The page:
Q : Now that you mentioned the importance of brand-building, what would be some of the strengths of “Medical Korea”?
A: World-class technology, efficient system, outstanding medical professionals and reasonable cost to name a few. India, Thailand, and other countries have recently begun to adopt aggressive pricing strategies. Still, Korea remains competitive thanks to its high quality services at a reasonable price.
Q : It is vital to winning the trust of foreign patients to attract them. What are some of the strategies the Korean government is adopting to raise their confidence in Korea's medical institutions?
A: The government legally binds medical institutions and facilitators to register to provide service for overseas patients. As of March 2018, a total of 3,122 facilities-1,709 hospitals and 1,413 medical travel agencies－finished registration.
According to the “Act on support for the overseas expansion of healthcare system and attraction of foreign patients,” the government accredits outstanding hospitals for foreign patients from among medical institutions registered with the government. I believe that the accreditation of excellent hospitals for international patients through strict evaluation process is also part of our commitment to keeping higher standards as well as to raising foreign medical tourists' trust in Korea's healthcare sector.
Q : Can you cite some countries from which patients visit Korea to receive medical services?
A: About 364,000 foreign patients visited Korea in 2016, up 23 percent from the previous year and the accumulative at 1.56 million since 2009. Most of them come from China, followed by the United States, Japan, Russia, and Kazakhstan. The numbers of visitors from Southeast Asia and the Middle East are also on the rise.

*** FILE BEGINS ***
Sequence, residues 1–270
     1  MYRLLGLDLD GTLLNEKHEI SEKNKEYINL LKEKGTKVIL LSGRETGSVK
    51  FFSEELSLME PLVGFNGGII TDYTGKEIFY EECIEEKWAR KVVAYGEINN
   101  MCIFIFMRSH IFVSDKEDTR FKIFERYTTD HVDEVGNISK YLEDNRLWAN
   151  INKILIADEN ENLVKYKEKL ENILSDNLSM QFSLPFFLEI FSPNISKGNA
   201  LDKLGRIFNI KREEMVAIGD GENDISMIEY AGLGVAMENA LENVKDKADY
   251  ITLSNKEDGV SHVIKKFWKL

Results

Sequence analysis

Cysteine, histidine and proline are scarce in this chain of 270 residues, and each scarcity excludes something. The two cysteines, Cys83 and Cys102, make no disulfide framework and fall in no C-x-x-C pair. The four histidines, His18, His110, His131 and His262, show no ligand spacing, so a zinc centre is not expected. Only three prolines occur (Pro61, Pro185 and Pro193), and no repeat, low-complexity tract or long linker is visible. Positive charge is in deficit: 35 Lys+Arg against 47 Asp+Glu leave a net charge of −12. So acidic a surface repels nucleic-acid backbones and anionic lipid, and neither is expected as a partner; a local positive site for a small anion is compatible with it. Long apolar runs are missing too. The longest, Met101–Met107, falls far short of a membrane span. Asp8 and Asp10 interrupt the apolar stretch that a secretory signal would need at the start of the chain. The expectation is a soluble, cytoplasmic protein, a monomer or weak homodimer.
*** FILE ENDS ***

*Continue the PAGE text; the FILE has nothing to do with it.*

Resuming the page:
Statistics show that Chinese clients come here most for plastic surgery, followed by internal diseases, dermatology care, health screening and orthopedic surgery while Japanese travelers prefer dermatology. Most patients from Kazakhstan and Uzbekistan visit to see internists. Vietnamese patients are here for internal diseases and obstetrics and gynecology care while Thais also choose to come here for plastic surgery. Arab patients fly to Korea mostly for internal diseases, followed by dermatology care and plastic surgery.
Q : Some believe that Korea's health policies are favorable to the medical tourism industry because they are against for-profit hospitals as compared to Singapore and other countries that allow for-profit institutions.
A: Most Korean hospitals treating foreign patients have tried to enhance the convenience and satisfaction of inbound international medical travelers with smooth communication. Most Korean hospitals aim to equally ensure the high standard of medical care for international patients and Korean locals.
Q : Aside from the high quality of healthcare service, what are factors that can satisfy health travelers visiting Korea?